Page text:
Over the past several years, ketamine has received a growing amount of media attention. As a treatment for depression, no other medication has shown this much promise since Prozac was discovered in the 1980s. Ketamine has been hailed as “miraculous,” and a “wonder drug,” alleviating depressive symptoms in up to 70% of patients…even those who failed to respond to depression treatment after depression treatment. What’s even more spectacular is the speed in which ketamine works—patients know whether ketamine will work for them after only 1-2 infusions.
There is no arguing that the antidepressant qualities of ketamine are beyond powerful. Ketamine infusions can alleviate depression, reduce or eliminate suicidal thoughts, reduce anxiety, prevent and treat PTSD, and treat the symptoms of bipolar disorder. In fact, ketamine is so powerful that several pharmaceutical companies have rushed to develop antidepressants modeled after the way ketamine works. Johnson & Johnson’s intranasal antidepressant, esketamine, could become FDA-approved for the treatment of depression as early as next month. But ketamine itself is not approved by the FDA for the treatment of depression—it is only approved as an analgesic and anesthetic. For this and other reasons, ketamine infusions remain a controversial depression treatment, even though mounds of research indicate the drug is a game changer.
The story of how the antidepressant qualities of ketamine were discovered is an interesting one. In the 1990s, two researchers, Dennis Charney and John Krystal, were studying the brain’s glutamate system. Charney was interested in the role of the glutamate system in depression; Krystal was interested in the role of the glutamate system in schizophrenia. The researchers performed a single-dose ketamine study. Normally, the effects of ketamine wear off after about two hours. However, because ketamine was, at the time, abused recreationally as the street drug ’Special K,’ Charney and Krystal decided to play it safe and monitor study participants for 72 hours post-dosing.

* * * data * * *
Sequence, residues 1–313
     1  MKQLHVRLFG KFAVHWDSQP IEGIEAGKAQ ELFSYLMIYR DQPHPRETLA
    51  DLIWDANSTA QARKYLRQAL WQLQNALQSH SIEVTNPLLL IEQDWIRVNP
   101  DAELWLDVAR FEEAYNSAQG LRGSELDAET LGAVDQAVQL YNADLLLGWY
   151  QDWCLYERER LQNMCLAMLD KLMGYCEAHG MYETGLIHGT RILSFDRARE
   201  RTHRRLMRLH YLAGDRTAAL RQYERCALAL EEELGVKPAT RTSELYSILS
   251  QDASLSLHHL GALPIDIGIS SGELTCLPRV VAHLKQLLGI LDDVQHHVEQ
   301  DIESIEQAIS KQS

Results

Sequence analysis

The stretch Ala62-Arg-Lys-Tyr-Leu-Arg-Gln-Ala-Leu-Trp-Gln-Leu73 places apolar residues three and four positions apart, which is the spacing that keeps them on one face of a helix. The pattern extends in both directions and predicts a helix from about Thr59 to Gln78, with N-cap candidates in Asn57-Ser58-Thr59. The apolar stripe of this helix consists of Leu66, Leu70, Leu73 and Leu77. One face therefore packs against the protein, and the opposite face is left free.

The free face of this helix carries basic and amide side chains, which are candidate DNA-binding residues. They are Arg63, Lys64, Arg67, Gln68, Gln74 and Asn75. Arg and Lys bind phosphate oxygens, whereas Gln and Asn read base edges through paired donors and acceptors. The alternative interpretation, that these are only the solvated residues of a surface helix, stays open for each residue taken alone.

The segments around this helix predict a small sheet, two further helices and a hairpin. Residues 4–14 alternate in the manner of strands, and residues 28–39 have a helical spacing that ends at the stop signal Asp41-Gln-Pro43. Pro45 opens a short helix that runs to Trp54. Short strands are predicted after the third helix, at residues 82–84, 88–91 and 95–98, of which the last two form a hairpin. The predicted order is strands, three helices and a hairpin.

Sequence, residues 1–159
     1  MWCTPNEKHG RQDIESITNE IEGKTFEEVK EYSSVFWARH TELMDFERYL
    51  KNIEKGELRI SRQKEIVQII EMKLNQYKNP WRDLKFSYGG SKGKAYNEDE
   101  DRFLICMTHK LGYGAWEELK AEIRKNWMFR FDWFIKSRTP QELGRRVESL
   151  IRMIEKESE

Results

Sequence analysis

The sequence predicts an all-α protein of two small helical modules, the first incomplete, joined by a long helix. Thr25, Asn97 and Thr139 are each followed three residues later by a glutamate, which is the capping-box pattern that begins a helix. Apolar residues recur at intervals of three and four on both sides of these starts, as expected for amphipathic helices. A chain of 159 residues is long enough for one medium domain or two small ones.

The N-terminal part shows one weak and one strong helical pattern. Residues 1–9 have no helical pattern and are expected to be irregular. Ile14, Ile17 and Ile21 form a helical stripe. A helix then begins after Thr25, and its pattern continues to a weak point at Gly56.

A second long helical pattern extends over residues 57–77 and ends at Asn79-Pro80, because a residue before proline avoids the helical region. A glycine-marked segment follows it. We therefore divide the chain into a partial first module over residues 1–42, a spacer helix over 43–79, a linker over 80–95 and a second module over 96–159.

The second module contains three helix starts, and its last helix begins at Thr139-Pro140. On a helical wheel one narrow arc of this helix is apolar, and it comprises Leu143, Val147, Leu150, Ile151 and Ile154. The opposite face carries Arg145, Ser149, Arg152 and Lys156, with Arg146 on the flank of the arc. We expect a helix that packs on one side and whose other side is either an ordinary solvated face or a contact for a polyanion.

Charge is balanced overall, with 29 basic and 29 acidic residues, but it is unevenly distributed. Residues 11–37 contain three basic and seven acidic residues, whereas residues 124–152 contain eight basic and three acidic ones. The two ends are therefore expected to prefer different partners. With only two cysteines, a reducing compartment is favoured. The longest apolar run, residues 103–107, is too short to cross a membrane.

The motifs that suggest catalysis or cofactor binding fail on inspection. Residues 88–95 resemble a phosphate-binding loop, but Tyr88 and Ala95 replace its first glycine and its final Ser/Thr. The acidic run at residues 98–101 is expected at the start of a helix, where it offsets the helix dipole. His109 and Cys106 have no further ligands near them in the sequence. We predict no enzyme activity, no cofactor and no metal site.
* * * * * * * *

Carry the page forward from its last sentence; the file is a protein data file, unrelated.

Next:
That is when they became aware of ketamine’s antidepressant effects.
Within 4 hours, patients began to claim that they were better. Their depressive symptoms were reduced in a matter of hours. This was shocking, as, at that time, the best antidepressants took weeks—if not months—to alleviate symptoms. Charney and Krystal published their findings in 2000.
The published results didn’t receive much attention…at first. The truth is that, amazing findings or not, ketamine was a cheap, generic drug that no pharmaceutical company was willing to invest millions of dollars into researching. But over the years, more and more studies were performed. Each study indicated the same thing: ketamine was a miraculous, fast-acting antidepressant. In 2009, Big Pharma picked up on the trend and several companies started developing ketamine-like medications.
However, at the same time, ketamine was legal and it could save lives…but it was not available to those who were suffering. Ketamine clinics began to open their doors, offering infusions off-label to those whose symptoms were not relieved by traditional depression treatments. While some clinics operate in a gray area of ethics, making ketamine available to anyone willing to pay, most are practicing soundly, bringing hope to those who need it the most.
Today, as we stand on the brink of esketamine’s approval, researchers continue to explore the wide-reaching benefits of ketamine. Could it reduce the country’s ever-growing suicide rate? Could it treat addiction or alcoholism? Could it prevent first responders and military personnel from developing PTSD? What other unexplored drugs house the potential to treat depression as effectively, if not more effectively, than ketamine?
We can’t answer these questions. But we can say that, at our ketamine clinics, we have seen the impact that infusions can have on the lives of those who are suffering in the darkness of depression. We have seen patients reclaim their lives, return to work, become engaged members of their families and active members of their communities. If you or a loved one is suffering and doesn’t know where else to turn for hope, we encourage you to contact our clinic. Whether ketamine is right for you or not, we can help answer questions and point you in the direction of health and wellbeing.